As an actress, is Fisher often called upon to portray that pure an emotion of any sort? “Well, it depends on what the script calls for,” Fisher replies. She sees Strawberry Alice as a character who embodies a different but equally powerful set of emotions. “I think in terms of purity, she had one purpose and one purpose only – revenge. I don’t know if there was any doubt in her mind at all. I think she just put her boots on, said, ‘We’re going to do this and there’s no looking back.’”
There may or may not have been other roles that have called for such unambiguous sentiments, Fisher says. “We’re at a party right now. I can’t think of all of the characters I’ve played. But my acting teacher, when I was studying, said, ‘You have to be one point at something and your character has to be one point, so you know what your through-line is.’ And I think every character I’ve played has pretty much had an intention and tried to fulfill it, and I think that’s what makes a character clear, unless you’re playing somebody who’s lost, who doesn’t know what they want. That can be interesting, too, but I don’t think I’ve ever [played that kind of person] – I gravitate more toward strong characters who are trying to achieve something.”
Playing opposite Kurtwood Smith is another aspect of RESURRECTION that Fisher enjoys. “I love Kurtwood. He’s great. He’s got a great sense of humor, he’s very grounded, we have a good communication and we play very well together, we play off each other really well. It’s a joy to work with him.”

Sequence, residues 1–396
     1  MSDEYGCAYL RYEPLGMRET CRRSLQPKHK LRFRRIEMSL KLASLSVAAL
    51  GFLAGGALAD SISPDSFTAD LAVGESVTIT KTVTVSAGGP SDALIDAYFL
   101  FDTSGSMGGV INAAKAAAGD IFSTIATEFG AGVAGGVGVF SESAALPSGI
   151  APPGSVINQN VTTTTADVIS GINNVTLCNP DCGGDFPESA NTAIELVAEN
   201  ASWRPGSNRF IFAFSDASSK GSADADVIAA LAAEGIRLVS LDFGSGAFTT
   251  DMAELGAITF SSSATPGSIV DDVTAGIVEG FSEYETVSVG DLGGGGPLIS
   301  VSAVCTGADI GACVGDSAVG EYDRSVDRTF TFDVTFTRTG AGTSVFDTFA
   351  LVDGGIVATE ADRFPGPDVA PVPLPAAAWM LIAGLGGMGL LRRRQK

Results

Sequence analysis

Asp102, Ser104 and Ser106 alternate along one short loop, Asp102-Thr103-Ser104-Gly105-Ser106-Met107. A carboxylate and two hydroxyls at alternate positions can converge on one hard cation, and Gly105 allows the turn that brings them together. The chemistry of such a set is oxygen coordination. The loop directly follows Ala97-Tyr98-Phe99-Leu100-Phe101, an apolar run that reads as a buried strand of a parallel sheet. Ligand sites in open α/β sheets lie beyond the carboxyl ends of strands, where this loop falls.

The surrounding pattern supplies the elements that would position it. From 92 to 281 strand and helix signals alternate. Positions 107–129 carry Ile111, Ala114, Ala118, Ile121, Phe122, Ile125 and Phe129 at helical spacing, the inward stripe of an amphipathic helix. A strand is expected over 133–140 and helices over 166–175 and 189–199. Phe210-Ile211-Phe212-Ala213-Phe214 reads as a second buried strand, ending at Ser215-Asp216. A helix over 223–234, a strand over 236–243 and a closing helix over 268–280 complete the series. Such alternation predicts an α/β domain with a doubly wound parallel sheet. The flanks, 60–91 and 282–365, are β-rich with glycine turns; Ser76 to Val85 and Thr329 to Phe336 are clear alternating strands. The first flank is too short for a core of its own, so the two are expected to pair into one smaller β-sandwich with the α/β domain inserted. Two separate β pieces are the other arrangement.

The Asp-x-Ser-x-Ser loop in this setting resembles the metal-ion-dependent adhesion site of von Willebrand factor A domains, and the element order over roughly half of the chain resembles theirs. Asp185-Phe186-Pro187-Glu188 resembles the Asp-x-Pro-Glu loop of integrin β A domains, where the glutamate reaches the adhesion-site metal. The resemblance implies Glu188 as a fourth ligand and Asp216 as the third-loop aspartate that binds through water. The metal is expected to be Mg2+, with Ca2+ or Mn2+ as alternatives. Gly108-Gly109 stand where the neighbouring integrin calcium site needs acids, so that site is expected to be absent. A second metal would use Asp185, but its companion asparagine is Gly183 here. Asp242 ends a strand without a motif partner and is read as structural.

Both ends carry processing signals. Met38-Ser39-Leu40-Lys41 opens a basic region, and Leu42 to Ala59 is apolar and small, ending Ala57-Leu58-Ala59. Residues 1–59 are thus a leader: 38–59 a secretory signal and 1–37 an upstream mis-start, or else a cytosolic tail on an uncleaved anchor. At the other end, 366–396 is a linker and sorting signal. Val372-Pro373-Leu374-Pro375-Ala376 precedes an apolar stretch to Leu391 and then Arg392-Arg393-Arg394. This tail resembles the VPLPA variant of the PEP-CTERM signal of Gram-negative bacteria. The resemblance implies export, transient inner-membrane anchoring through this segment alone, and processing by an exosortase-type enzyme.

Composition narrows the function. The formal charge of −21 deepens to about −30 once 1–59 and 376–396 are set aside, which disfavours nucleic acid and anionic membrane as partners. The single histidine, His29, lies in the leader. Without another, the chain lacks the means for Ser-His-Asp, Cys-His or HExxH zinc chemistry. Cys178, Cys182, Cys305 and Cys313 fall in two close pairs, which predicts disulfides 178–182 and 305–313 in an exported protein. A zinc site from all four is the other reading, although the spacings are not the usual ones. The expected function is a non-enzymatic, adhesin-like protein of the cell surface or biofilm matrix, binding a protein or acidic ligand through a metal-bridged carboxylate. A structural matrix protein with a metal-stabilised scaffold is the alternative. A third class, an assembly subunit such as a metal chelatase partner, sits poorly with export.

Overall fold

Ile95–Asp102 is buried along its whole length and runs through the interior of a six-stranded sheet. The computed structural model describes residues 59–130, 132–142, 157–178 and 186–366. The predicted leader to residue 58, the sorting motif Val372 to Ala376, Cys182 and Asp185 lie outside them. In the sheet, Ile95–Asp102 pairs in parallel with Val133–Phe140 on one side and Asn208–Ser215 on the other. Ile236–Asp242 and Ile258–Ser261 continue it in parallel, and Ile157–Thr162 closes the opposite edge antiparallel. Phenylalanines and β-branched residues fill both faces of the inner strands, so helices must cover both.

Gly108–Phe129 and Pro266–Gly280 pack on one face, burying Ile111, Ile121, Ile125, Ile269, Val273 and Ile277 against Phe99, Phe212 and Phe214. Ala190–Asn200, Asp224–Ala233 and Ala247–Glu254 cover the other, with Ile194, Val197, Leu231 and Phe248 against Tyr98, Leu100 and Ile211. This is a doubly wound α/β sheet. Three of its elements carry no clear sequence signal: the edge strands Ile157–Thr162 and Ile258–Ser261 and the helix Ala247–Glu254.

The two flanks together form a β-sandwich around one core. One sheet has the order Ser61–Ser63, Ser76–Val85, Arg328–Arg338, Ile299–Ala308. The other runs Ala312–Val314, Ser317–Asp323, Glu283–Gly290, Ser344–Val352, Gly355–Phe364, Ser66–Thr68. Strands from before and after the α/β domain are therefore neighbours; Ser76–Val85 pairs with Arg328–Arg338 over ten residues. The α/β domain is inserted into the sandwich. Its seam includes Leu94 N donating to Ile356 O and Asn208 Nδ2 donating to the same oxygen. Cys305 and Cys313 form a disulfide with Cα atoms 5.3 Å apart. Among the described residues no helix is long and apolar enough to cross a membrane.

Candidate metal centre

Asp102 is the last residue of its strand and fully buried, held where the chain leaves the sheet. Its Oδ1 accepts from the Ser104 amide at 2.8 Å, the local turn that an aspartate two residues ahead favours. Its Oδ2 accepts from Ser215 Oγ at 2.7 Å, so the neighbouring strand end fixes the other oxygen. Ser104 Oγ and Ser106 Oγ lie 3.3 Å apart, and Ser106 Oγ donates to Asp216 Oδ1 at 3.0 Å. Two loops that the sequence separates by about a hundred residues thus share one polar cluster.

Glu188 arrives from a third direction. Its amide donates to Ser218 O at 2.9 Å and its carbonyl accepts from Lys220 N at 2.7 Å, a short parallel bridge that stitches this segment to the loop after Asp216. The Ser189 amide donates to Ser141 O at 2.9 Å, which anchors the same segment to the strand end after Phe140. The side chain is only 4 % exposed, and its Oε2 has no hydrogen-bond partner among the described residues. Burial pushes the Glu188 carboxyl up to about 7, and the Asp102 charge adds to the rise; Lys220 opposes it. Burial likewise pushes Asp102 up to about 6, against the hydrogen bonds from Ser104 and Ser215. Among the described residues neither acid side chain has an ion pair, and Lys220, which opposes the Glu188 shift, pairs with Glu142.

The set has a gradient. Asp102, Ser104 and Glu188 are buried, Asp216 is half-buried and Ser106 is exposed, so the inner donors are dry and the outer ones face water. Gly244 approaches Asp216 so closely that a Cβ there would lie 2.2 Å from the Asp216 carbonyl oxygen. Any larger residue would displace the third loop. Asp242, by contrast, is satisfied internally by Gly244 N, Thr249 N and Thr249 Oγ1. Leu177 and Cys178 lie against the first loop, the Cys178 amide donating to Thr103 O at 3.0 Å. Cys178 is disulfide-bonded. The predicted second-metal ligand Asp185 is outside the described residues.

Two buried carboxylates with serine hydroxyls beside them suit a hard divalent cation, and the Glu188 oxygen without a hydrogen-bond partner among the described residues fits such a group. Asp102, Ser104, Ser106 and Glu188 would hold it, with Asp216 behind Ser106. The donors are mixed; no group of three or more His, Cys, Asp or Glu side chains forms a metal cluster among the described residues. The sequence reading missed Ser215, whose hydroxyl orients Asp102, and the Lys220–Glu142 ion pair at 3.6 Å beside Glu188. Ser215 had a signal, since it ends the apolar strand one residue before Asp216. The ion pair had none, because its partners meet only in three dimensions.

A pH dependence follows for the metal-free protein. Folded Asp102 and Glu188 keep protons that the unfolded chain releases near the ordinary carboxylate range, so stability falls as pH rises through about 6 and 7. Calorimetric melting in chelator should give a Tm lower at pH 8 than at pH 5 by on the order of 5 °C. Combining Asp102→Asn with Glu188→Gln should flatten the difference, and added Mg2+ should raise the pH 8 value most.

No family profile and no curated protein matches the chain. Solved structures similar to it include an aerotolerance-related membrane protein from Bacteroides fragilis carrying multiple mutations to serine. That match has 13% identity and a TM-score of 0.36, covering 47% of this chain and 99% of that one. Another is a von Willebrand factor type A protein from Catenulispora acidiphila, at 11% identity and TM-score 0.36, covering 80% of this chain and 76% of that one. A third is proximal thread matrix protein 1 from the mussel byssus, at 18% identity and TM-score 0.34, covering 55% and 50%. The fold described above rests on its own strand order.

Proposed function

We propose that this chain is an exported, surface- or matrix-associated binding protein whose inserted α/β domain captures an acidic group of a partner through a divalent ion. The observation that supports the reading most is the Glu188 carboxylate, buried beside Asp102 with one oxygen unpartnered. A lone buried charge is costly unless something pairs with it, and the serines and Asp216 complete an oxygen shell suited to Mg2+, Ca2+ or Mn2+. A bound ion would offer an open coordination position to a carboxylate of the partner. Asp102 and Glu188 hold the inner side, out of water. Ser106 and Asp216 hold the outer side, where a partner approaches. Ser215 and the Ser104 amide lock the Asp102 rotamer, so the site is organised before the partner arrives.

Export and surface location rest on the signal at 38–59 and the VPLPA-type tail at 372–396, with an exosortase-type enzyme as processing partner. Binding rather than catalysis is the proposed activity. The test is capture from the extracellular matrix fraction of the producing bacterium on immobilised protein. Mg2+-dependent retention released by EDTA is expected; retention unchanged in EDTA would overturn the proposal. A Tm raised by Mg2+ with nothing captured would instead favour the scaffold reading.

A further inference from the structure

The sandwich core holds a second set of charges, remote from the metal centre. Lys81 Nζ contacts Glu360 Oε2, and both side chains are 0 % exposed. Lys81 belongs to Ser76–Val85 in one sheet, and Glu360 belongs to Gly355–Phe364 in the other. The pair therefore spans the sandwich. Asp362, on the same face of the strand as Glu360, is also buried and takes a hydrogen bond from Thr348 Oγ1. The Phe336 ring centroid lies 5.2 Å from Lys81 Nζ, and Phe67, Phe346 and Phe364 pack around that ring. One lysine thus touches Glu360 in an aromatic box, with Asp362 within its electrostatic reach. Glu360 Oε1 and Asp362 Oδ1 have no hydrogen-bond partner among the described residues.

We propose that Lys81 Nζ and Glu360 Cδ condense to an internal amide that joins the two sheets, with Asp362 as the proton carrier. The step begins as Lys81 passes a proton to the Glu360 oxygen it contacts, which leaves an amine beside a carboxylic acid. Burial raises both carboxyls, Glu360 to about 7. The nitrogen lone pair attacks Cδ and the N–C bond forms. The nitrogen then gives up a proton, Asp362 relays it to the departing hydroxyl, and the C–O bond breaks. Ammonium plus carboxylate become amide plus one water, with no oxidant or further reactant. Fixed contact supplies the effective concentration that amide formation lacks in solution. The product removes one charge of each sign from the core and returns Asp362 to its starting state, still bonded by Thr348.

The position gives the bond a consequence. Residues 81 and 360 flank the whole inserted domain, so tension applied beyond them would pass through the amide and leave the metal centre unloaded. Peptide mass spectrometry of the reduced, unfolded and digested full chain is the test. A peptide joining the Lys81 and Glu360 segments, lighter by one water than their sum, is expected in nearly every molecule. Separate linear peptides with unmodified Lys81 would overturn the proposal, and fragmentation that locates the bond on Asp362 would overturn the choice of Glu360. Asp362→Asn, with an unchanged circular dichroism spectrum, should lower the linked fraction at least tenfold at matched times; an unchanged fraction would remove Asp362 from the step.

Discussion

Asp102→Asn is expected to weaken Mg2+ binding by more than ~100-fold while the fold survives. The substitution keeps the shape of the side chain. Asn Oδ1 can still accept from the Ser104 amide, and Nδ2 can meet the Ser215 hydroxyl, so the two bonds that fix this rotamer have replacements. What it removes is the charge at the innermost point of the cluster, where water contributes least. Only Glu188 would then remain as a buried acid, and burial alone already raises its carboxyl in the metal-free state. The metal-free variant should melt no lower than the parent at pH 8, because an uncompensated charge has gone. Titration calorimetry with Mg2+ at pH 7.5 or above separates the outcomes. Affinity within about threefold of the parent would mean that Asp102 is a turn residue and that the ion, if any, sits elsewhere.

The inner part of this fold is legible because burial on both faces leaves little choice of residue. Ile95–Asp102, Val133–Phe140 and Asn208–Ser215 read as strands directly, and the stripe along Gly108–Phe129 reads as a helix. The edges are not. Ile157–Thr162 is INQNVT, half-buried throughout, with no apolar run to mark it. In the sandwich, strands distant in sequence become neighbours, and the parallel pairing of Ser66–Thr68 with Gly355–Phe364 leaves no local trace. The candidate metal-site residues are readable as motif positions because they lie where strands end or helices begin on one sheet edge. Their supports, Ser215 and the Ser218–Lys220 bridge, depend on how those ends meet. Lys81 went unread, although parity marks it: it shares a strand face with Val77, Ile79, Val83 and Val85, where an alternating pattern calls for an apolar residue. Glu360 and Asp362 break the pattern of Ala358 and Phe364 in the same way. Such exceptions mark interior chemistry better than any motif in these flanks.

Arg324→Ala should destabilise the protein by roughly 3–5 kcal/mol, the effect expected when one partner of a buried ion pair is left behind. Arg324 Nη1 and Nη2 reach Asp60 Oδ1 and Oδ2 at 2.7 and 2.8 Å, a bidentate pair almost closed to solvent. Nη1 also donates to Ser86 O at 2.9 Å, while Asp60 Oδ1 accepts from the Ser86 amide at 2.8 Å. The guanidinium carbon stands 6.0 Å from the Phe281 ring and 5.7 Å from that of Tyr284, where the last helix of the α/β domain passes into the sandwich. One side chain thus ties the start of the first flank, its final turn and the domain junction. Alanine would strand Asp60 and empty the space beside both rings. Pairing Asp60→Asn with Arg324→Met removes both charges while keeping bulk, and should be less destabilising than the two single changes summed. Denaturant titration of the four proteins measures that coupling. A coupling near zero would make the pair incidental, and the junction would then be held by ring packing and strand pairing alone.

Playing Lucille has had its physical challenges, Fisher notes. “When I had to pick Landon up as a dead weight [after Jacob has fainted] and put him on the bed, I remember the first time I did it, Kurtwood was standing by the doorway and he said, ‘You know, you’re going to have to do that at least thirteen more times for the master and the close-ups and the turning around.’ I went, ‘No, no, I can do it,’ because I had this urge to take care of my son and I picked him up to put him into bed, and he was laying there unconscious. By about the thirteenth take, I was like, ‘What the hell did I do that for?’” she laughs. “So when we turned around, I said, ‘Landon, I’m just going to pretend to pick you up, because the camera’s on Kurtwood. You just get yourself into bed, because my back is killing me.’ That was the most physically challenging thing I had to do. You don’t think about it, because you just do it in the moment, and you think, this is what a mother would do. A mother would do it once, not twenty times.”
In January, Fisher appeared on CASTLE as an Anna Wintour-type magazine editor. Asked about upcoming projects, Fisher relates, “I have an independent film, THE M WORD, and I have a film directed by George C. Wolfe, I costar with Hilary Swank, called YOU’RE NOT YOU, that’s coming out sometime this year. I’m not sure what the release date is yet. It’s based on a book called YOU’RE NOT YOU, about a woman who gets a terrible degenerative disease, and it’s how her family relates to her and how she has an unlikely alliance with someone who comes to take care of her and how that relationship evolves. Hilary plays the character and I play her mother.”
Is there anything else Fisher would like people to know about RESURRECTION? “I always just say, ‘If you want to know more, stay tuned.’”
Written by Abbie Bernstein
Abbie Bernstein – Entertainment Reporter
Abbie Bernstein is an entertainment journalist, fiction author and filmmaker.